Ouch! Just rub it in. We probably won't even see 70 degrees for another few months. I think I'm going to go take a hot bath, now! Right after I go online and order a heated seat, that is.

Take care,
Dan

David said...

Dan, there is a line that I love, "Too soon we are old and too late we are smart." One more word... Hypothermia. Go for the electrics. The warmer the blood in your core, the warmer your brain. Get your brain too cold and you know how it affects your decision making. Why, you might forget where the nearest Starbucks is located and waste precious fuel getting a cup of coffee. ;)

Seriously, there is nothing wrong with being warm and comfortable when the conditions are bad. Do you keep your home at 50 degrees in the winter to toughen yourself up? No, I'm sure Katie wouldn't put up with that. Keeping yourself in top condition while riding will keep you alive. Cold hands and feet don't react as quickly as warm ones. So wearing the electrics means you're safer. I think there is a blogger who preaches safety... ;)

Ride well, and ride safe.
Dave T.

Krysta in Milwaukee said...

"Are you trying to imply I should be setting a good example?"

No implying about it. You do set a good example. (Does that cause a grimace similar to "I think of you like a brother"?) ::grin::


"Your nurturing side is coming through"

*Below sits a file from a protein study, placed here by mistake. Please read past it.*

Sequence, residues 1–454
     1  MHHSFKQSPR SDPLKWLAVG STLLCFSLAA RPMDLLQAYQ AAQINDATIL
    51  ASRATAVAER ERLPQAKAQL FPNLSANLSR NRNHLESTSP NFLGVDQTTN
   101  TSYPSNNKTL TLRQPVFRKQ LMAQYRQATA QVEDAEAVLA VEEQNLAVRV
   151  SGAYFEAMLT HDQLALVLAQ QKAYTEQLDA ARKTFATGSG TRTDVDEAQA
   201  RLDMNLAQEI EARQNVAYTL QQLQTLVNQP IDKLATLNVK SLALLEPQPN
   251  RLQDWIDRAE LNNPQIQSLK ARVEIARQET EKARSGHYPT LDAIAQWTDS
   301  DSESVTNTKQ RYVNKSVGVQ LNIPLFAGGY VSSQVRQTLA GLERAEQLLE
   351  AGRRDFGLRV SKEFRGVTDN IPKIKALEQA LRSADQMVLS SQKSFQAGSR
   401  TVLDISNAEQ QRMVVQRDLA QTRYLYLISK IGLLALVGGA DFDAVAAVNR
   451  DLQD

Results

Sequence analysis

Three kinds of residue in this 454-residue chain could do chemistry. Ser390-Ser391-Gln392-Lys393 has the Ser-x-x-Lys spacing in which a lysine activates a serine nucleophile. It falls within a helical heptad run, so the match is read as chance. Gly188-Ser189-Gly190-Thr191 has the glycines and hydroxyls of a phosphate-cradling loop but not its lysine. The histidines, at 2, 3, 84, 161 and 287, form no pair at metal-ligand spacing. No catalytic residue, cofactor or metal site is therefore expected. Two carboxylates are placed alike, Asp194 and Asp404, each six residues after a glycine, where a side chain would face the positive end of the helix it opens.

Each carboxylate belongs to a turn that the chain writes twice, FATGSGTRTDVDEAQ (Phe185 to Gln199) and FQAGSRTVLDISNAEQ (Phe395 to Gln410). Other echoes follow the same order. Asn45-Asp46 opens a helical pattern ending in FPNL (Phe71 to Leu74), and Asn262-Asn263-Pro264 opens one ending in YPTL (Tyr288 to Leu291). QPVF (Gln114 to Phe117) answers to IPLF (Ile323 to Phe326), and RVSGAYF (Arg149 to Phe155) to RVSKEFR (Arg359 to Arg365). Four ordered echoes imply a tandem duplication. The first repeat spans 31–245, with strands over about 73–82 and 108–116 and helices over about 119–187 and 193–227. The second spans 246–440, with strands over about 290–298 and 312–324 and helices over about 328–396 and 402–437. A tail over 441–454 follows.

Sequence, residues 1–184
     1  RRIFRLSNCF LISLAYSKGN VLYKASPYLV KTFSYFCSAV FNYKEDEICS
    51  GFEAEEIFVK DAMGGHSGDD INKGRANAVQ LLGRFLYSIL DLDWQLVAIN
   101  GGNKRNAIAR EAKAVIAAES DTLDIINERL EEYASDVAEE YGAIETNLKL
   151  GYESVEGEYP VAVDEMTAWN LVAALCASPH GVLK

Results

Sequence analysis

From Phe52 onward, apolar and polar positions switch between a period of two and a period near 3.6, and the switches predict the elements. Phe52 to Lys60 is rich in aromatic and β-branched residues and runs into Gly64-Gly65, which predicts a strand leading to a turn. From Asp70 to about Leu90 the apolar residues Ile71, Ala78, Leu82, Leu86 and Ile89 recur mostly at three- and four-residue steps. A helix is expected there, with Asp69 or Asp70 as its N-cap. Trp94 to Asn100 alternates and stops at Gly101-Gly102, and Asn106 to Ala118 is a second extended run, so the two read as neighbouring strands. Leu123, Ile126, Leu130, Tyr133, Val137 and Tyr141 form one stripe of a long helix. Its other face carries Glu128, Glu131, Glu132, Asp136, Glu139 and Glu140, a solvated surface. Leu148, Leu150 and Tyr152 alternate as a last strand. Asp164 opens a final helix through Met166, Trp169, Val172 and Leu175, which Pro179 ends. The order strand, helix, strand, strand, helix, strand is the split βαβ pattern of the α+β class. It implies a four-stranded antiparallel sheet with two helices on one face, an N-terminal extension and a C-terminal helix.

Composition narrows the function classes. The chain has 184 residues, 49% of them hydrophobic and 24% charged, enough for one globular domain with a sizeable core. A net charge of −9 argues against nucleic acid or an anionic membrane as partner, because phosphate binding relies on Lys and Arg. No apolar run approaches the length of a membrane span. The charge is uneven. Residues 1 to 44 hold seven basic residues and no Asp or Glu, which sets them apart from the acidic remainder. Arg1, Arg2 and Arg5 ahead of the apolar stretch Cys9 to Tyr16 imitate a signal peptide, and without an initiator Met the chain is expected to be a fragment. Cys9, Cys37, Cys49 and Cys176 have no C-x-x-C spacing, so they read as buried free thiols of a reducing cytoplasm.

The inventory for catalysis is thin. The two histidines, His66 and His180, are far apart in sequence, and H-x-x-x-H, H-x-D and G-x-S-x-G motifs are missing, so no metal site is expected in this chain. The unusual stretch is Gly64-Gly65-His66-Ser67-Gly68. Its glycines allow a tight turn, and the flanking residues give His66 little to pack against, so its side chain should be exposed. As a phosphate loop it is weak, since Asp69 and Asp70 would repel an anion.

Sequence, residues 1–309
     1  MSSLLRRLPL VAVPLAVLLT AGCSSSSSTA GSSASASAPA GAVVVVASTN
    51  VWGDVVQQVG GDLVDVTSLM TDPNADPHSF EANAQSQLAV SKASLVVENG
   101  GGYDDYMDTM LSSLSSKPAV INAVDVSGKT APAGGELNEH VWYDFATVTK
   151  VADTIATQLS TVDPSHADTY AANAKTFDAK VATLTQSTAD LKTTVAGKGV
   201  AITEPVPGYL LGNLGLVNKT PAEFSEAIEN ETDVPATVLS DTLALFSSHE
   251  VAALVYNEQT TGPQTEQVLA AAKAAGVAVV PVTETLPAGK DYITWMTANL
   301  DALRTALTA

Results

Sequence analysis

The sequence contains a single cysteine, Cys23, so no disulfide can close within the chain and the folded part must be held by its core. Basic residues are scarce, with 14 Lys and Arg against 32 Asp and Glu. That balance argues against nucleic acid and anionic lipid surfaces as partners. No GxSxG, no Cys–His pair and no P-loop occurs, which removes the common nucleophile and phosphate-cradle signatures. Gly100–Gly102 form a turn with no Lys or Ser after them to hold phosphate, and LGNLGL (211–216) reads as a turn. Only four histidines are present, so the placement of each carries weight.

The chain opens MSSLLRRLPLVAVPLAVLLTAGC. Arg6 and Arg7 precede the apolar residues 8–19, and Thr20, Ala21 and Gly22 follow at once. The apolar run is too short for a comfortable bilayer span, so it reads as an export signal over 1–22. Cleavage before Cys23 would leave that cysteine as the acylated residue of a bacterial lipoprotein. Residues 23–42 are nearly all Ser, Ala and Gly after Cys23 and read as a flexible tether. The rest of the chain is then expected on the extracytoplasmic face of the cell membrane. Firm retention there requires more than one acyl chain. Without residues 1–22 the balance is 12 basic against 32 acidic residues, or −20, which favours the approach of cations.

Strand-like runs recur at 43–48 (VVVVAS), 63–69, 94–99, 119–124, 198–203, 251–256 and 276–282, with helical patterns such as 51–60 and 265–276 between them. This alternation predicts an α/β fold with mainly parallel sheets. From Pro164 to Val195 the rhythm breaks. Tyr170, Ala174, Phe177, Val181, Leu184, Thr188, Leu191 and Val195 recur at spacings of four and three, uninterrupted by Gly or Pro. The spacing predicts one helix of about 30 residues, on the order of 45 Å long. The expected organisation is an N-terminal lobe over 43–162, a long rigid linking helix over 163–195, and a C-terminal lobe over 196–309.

::Pooh voice::
Oh, dear, you've learned my secret. Now I must kill you.
::/Pooh voice::


Seriously, though, I've been hypothermic to the point where I stopped shivering & couldn't move my fingers. Annoying while kayaking, very well fatal on a bike.

Use what you can to stay warm. As Dave pointed out, keeping warm literally keeps your head in the game.

And to keep fingers working if you don't have heated grips (or it's colder than that), put small chem packs in the cuffs of your gloves / jacket, against the skin inside the wrist. For feet, inside boots on the ankles is good.

Karl just got a newer bike to upgrade the sidecar, and it'll have a heated seat (and grips, and LOTS of power for electric clothes).

I know I'm not a whimp. I don't care what [most] other people think of me (see my suit?). I'll do what I can to be safe and have fun, and when I can't, I won't ride.

This weekend it's supposed to get into the mid 30s, so we'll be out riding.

irondad said...

Dave,
Ok, you caused me to be scared straight with that Starbucks comment. See my next post.

Krysta,
Thanks for calling me a good example. That doesn't happen very often! No grimacing occurred. I really like Pooh but somehow never thought of him as a killer.


Take care,
Dan

Steve Williams said...

I put off electrics for a long time and this Christmas I received Gerbing Gloves from a friend. They do keep my hands warm but not toasty when the temperature is below 20 degrees which is common around here. But I am glad now that I have them.

I'm curious about your statement concerning needing the controller for the vest to work. I was told the same thing by the dealer concerning my gloves and my friend Paul said that was crazy -- just plug them in. I did and they work fine. Full power all the time but that's what I need anyways.

And I heard someone post once that you need to have the controller so you don't get burnt. Tee heee heee. That's rich.

Anyways, have you just plugged the vest in? (I'm sure you must have being the rebel you are)

Anyways, while electrics sort of grate on me the same way cell phones and email do I grudgingly accept their utilitarian use.


Steve Williams
Scooter in the Sticks